On the 9th of June 2021, the European Parliament and Council reached to an agreement regarding the implementation of a Covid-19 Certificate. The Parliament's adoption addresses the issues raised by the new coronavirus pandemic, especially regarding the movement of European citizens and 3rd country nationals within the European region. The aim of the European certificate is to facilitate free movement and therefore the gradual elimination of the imposed restrictions, starting on the 1st of July 2021, for a period of 12 months.
The essence of the Regulation concerns the concept of freedom of movement in the Member States of the European Union, which is a fundamental right delimited by the Treaties of the Union and addresses precisely the issues created by the pandemic of the new coronavirus, setting out a clear legal framework determining the cross-border movement of European citizens and 3rd country nationals. The certificate shall establish a common compatible and safe method of identifying 3 types of categories:
- Individuals who have been vaccinated;
- Individuals who have been diagnosed with coronavirus; and
- Individuals who have had a recent negative diagnostic test to ensure that they exercise their right to free movement.
Yet, Member States, under EU law, maintain their right to restrict the right of free movement due to public health, but on the basis of specific and limited reasons of public interest and always on the basis of the principles of proportionality and non-discrimination.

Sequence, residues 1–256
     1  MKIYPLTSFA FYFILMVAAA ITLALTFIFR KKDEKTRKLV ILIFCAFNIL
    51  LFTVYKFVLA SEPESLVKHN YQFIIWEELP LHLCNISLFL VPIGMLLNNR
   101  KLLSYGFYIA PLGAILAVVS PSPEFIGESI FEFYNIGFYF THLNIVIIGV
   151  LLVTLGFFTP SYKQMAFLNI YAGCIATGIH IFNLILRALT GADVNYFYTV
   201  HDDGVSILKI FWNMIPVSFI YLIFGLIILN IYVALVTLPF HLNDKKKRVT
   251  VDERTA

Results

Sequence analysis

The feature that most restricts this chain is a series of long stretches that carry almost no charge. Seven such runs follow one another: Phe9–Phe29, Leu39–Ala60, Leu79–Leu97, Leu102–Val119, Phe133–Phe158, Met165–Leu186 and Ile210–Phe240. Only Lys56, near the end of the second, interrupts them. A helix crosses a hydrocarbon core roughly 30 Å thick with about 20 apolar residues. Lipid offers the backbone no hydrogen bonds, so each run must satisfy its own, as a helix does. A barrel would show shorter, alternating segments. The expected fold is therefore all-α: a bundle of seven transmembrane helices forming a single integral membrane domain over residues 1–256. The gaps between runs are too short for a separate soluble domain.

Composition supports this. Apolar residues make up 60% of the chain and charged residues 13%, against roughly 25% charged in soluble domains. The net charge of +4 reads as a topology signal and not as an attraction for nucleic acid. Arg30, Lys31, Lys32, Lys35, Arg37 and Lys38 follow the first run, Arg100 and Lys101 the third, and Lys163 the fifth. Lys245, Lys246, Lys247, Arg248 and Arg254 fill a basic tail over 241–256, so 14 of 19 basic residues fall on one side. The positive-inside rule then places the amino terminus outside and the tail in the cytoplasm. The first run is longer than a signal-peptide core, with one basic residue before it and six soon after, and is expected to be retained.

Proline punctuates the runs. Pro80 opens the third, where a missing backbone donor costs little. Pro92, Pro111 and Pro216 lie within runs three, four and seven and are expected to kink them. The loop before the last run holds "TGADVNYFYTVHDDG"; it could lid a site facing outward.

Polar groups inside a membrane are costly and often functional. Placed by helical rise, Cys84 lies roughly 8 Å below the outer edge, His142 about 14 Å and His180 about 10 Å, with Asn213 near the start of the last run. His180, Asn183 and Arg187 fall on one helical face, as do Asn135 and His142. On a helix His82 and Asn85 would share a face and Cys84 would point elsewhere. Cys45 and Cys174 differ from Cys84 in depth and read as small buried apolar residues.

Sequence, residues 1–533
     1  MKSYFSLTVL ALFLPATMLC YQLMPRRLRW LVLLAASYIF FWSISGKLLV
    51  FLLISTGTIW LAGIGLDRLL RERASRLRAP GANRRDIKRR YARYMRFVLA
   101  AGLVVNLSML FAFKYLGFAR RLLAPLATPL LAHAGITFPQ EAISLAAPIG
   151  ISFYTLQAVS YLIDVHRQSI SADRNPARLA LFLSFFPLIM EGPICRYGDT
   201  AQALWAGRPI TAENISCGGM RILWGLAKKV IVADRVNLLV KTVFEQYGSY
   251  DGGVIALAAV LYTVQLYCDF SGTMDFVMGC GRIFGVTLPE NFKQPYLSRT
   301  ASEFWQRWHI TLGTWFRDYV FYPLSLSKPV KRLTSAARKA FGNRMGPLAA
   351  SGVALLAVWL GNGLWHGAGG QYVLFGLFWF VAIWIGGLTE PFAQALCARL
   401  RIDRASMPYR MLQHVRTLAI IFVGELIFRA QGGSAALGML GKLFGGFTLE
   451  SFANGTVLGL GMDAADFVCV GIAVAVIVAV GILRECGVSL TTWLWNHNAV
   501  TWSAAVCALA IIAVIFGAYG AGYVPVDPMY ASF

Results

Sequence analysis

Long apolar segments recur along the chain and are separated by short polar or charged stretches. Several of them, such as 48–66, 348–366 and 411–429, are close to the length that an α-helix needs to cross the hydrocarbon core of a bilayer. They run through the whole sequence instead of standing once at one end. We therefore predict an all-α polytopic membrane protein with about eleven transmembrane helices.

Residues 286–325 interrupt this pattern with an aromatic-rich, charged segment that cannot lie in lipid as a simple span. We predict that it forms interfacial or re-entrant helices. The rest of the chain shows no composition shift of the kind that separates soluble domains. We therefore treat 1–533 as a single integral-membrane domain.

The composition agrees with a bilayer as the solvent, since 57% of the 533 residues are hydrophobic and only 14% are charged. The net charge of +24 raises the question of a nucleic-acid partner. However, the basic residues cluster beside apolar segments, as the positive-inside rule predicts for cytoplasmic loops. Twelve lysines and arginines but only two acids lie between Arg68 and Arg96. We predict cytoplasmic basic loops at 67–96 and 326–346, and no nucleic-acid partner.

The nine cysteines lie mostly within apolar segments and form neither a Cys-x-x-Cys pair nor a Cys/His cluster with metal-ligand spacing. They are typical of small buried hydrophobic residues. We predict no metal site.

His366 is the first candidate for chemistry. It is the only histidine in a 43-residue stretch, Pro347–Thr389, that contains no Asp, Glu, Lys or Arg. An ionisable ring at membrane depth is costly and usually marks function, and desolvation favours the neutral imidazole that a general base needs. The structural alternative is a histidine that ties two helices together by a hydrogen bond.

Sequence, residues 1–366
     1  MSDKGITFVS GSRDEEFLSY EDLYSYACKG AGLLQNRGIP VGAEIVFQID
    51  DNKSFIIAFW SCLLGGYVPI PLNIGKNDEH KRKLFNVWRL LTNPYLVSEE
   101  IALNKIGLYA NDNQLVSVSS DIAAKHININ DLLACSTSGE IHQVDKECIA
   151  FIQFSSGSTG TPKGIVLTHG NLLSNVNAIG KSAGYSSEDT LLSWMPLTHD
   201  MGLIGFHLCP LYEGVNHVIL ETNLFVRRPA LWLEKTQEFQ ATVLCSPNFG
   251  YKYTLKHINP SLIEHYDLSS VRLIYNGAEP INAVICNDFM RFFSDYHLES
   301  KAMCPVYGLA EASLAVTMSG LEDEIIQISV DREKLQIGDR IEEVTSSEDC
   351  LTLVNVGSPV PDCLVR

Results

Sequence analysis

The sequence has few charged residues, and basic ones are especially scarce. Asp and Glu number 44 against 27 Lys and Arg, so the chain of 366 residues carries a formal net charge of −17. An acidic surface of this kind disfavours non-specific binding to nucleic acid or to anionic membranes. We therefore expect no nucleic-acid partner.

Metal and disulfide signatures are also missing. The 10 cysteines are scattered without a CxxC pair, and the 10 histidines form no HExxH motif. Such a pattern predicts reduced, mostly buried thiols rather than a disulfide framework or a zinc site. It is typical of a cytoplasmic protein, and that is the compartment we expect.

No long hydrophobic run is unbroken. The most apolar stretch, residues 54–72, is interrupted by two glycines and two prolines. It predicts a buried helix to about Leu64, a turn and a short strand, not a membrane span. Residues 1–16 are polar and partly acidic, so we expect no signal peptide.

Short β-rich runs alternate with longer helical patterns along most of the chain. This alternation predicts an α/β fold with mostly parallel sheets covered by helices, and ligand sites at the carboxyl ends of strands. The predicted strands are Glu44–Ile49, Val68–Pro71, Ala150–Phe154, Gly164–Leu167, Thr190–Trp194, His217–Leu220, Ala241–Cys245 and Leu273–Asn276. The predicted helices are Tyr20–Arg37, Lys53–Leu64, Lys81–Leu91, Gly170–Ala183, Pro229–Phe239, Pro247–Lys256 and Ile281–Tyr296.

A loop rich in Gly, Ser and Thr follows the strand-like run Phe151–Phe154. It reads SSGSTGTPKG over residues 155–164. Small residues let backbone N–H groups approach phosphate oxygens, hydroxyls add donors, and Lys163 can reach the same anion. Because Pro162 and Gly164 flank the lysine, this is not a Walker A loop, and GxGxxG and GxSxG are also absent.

The exercise of free movement is vital since the certificate avoids unilateral actions and measures to limit the spreading of the virus, which could potentially impede the functioning of the internal market and the fundamental right to free movement.
The main parameters contained in the Regulation are as follows:
- prevention, exposure, investigation and prosecution of fraud and illegal practices in connection with the issuance and use of such certificates
- equal access to certificates for all citizens of the Union
- simplicity and usability of the certificates and free issuance
- the protection of personal data and digital certificate from possible threats against cyber security
- discrimination on the basis of holding a specific category of certificate; and
- maintenance of fundamental rights and principles covered in the Charter of Fundamental Rights of the European Union.
The content of this article is intended to provide a general guide to the subject matter. Specialist advice should be sought about your specific circumstances.